Last month, 16-year-old Kyle "Bugha" Gierdorf won US$3 million at the first Fortnite World Cup in NY. In the case of Giersdorf, a person or persons reported a crime at his house, thus causing armed police to show up at his front door.
Kyle "Bugha" Giersdorf was streaming "Fortnite" on Sunday evening with two friends when he suddenly left during a crucial end-of-match moment. In 2017, Andrew Finch, 28, was playing the video game Call of Duty when a competitor called in a false hostage report and directed police to his home.
He then said one of the officers lived in his neighbourhood and recognised him. According to TMZ, Bugha vanished from his streaming session on Twitch for 10 minutes after he was swatted in his Pennsylvania home.
"Swatting" is a harassment tactic, in which someone reports an emergency at a perceived enemy's or rival's home in order to get police and SWAT teams to respond to the location.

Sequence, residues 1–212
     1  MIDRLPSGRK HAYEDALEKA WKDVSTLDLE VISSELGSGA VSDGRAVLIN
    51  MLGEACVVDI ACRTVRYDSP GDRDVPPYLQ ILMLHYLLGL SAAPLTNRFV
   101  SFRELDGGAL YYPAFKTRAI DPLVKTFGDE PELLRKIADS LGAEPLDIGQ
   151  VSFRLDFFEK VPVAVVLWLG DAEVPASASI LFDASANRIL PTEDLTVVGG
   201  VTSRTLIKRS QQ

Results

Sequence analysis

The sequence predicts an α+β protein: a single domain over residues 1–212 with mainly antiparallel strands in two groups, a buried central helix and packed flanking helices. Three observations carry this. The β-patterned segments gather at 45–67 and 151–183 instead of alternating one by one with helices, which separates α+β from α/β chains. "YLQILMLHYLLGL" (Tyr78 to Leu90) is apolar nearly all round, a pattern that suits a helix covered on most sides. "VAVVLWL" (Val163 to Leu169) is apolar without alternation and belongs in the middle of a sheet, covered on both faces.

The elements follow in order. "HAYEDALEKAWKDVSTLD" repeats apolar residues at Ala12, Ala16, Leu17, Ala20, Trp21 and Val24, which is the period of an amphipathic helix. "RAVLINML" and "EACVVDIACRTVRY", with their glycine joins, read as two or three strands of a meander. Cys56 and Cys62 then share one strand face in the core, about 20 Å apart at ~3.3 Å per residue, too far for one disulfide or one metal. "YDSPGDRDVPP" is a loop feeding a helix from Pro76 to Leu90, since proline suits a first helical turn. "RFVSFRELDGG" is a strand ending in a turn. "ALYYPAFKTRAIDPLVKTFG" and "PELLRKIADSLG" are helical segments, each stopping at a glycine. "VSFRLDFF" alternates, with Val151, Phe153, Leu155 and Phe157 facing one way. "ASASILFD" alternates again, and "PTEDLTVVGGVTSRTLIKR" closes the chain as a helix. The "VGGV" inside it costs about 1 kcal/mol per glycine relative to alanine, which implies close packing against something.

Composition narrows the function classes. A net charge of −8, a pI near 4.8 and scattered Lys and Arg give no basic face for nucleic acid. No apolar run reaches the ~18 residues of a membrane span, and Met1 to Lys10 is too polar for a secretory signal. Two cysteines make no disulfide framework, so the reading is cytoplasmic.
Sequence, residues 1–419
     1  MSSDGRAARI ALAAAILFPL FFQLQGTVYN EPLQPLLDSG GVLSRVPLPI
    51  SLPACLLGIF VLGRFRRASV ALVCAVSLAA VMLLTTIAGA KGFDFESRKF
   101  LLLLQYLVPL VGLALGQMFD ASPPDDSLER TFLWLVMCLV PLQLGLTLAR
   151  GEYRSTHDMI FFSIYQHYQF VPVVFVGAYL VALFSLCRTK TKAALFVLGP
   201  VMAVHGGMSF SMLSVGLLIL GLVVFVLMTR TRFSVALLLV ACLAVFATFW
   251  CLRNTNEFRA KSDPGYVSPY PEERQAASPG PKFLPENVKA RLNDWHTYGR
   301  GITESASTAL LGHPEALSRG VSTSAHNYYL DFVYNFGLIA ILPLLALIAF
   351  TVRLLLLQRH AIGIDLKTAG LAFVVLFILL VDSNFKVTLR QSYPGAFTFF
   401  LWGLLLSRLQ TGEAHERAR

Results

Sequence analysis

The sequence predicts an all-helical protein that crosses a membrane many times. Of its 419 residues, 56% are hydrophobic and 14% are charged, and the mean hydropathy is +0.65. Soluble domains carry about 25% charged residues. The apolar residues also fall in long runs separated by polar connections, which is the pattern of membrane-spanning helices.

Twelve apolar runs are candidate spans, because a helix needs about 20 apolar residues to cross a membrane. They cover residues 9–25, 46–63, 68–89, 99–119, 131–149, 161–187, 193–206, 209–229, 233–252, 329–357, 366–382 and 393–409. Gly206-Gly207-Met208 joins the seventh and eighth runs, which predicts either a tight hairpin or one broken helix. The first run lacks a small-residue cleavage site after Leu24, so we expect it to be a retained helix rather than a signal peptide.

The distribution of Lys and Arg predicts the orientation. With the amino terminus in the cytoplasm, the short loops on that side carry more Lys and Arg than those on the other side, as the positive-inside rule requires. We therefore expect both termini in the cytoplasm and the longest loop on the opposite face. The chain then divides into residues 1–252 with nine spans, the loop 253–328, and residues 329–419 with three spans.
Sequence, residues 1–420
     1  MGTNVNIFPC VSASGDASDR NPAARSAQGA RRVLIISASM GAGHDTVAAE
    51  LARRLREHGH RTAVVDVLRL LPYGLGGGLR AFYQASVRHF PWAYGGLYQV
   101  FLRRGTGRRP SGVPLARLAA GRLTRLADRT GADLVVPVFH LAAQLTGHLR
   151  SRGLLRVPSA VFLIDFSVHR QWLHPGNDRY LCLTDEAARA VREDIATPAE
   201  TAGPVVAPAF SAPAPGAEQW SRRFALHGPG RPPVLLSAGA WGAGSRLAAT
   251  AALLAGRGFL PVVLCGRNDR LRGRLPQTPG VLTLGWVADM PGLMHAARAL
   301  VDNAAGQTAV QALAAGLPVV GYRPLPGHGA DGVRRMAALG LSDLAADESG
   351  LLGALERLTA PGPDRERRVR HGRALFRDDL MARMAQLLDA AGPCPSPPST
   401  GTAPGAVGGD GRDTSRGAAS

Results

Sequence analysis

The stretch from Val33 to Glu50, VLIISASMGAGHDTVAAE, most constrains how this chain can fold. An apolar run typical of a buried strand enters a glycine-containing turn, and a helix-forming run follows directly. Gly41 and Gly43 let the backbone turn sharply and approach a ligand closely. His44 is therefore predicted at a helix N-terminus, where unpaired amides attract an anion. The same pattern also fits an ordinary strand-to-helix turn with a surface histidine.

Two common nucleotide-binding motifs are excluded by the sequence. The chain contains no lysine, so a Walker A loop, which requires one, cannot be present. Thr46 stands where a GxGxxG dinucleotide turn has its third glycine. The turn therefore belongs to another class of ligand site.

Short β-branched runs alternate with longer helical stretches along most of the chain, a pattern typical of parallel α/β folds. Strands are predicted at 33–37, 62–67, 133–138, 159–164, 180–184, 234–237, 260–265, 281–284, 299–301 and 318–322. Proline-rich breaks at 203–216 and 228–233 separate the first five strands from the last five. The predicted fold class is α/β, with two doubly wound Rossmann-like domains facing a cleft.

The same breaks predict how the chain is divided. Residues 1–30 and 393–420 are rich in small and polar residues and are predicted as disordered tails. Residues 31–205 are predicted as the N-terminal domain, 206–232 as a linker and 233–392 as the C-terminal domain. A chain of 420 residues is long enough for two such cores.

"This one officer. he lives in our neighborhood", he said. "The guy comes in and I notice him - they come in with guns. that was scary. They literally pulled up", Giersdorf said when asked about what happened. "The internet is f*cking crazy".
It's not the first serious incident of "swatting" involving serious gaming. Police arrived at the address and, believing there to be an active shooter, killed the person who came to the door, believing he was reaching for a weapon.
"To the individual who attempted to have our home swatted and could have possibly gotten someone injured in the process, I don't hate you", he said.
Tyler R. Barriss pleaded guilty in November to 51 federal charges related to fake calls and threats including a December 28, 2017, call to police in Wichita, Kansas, during which Barriss falsely reported a shooting and hostage situation at a local address that resulted in the death of Andrew Finch, a 28-year-old father of two.